California: Google will not develop artificial intelligence (AI*) for use in weapons, its CEO Sundar Pichai has said, after facing a backlash over the technology giant’s involvement in a Pentagon project.
Google recently announced it would discontinue work with the US Department of Defense on Project Maven, an artificial intelligence project that analyses imagery and could be used to enhance the efficiency of drone strikes.
Following this, thousands of employees had signed onto a letter warning that Google’s participation contravened the company’s ethical tenets.
Stating that “Google should not be in the business of war”, the letter warned that the company’s involvement would compromise its image and drive away potential employees, The Independent reported.
*AI is intelligence demonstrated by machines, in contrast to the natural intelligence which is displayed by humans and other animals. AI research is defined as the study of ‘intelligent agents’: any device that perceives its environment and takes actions that maximize its chance of successfully achieving its goals.
The Indian-origin CEO also said the company would not design or deploy AI in areas including weapons or other technologies whose principal purpose or implementation is to cause or directly facilitate injury to people. He said Google will not develop technologies that gather or use information for surveillance violating internationally accepted norms and technologies whose purpose contravenes widely accepted principles of international law and human rights.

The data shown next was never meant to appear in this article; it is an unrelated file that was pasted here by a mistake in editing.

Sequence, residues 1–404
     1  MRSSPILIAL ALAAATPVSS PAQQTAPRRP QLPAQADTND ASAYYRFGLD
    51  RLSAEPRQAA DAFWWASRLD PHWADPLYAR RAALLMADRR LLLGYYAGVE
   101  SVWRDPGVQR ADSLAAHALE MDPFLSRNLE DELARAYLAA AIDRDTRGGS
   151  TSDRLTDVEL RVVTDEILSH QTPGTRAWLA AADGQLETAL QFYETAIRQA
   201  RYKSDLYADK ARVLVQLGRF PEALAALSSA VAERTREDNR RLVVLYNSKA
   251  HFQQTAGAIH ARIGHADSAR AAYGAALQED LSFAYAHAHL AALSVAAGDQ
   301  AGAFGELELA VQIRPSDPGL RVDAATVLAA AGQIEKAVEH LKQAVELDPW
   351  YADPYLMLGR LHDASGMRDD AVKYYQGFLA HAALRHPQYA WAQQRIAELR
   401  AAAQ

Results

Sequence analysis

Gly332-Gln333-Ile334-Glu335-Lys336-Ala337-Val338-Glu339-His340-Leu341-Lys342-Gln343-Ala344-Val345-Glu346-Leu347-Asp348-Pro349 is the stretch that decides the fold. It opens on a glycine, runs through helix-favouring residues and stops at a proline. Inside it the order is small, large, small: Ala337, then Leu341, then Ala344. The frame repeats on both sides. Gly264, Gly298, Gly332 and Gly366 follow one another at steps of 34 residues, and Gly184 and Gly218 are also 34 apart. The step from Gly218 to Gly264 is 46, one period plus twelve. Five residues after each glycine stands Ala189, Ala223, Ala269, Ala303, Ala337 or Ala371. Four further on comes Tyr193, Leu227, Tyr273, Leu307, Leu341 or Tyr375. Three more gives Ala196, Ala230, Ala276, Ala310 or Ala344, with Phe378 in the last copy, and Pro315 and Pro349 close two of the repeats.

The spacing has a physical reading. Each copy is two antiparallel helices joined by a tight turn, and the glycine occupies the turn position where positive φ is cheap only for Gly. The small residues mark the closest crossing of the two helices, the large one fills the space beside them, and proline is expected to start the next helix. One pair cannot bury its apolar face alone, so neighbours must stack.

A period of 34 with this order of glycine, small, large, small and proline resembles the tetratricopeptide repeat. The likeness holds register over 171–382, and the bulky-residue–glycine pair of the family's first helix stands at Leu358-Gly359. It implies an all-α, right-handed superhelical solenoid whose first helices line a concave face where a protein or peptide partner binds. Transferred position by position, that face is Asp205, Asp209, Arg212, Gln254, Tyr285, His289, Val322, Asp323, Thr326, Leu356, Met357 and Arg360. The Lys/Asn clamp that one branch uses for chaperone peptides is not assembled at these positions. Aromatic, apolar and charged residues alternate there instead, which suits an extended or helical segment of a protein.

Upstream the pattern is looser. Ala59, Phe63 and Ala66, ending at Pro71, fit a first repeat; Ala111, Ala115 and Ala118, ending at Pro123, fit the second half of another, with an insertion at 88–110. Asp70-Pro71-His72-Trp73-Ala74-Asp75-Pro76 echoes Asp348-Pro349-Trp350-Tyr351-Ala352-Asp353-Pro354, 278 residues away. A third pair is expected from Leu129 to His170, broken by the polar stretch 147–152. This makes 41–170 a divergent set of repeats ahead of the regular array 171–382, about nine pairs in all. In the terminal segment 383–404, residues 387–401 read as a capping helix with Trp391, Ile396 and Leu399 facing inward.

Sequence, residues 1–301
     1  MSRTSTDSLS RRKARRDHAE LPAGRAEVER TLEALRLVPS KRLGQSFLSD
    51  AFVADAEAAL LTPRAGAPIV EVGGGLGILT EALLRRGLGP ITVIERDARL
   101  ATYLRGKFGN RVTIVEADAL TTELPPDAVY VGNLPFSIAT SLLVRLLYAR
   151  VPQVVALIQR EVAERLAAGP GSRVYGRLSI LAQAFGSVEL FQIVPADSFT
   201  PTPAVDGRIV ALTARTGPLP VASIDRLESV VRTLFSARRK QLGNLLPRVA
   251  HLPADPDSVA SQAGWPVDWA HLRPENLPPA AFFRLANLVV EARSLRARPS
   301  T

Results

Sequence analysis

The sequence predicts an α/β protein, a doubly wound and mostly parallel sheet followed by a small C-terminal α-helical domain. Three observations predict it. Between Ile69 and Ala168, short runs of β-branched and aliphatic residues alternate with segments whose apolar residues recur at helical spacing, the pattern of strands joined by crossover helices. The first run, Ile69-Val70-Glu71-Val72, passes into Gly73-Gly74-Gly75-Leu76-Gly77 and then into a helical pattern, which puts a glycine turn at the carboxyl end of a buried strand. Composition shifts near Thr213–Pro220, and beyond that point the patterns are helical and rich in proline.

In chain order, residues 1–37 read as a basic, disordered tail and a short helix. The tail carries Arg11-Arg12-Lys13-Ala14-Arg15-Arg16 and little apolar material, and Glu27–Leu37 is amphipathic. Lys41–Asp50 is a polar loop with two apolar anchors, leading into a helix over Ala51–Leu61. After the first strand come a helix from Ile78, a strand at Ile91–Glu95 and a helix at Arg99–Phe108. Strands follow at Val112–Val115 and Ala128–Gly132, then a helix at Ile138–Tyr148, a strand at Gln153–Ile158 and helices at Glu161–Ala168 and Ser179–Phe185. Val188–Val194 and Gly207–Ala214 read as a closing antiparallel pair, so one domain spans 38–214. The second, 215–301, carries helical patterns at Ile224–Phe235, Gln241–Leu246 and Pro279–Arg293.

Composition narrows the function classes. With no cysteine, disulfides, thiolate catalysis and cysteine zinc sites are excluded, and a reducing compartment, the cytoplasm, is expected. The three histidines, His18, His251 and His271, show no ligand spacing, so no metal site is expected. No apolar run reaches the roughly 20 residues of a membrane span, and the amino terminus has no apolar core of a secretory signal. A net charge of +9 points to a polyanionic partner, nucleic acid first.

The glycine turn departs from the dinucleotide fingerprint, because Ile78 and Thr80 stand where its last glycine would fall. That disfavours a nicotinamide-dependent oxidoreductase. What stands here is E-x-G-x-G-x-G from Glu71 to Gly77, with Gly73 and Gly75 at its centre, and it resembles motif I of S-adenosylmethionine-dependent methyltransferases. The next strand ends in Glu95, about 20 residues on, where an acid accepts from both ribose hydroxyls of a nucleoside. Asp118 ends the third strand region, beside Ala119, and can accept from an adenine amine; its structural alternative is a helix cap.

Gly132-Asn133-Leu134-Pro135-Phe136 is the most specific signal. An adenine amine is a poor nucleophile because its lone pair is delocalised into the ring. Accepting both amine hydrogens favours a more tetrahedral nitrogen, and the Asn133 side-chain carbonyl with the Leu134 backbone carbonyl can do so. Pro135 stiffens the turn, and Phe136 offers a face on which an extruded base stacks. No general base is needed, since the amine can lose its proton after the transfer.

“We want to be clear that while we are not developing AI for use in weapons, we will continue our work with governments and the military in many other areas,” Pichai said in a blog post. “These include cybersecurity, training, military recruitment, veterans’ healthcare, and search and rescue. These collaborations are important and we’ll actively look for more ways to augment the critical work of these organisations and keep service members and civilians safe,” he said.
Pichai also announced seven principles to guide the work going forward. He said that these were not theoretical concepts but concrete standards that will “actively govern our research and product development and will impact our business decisions”.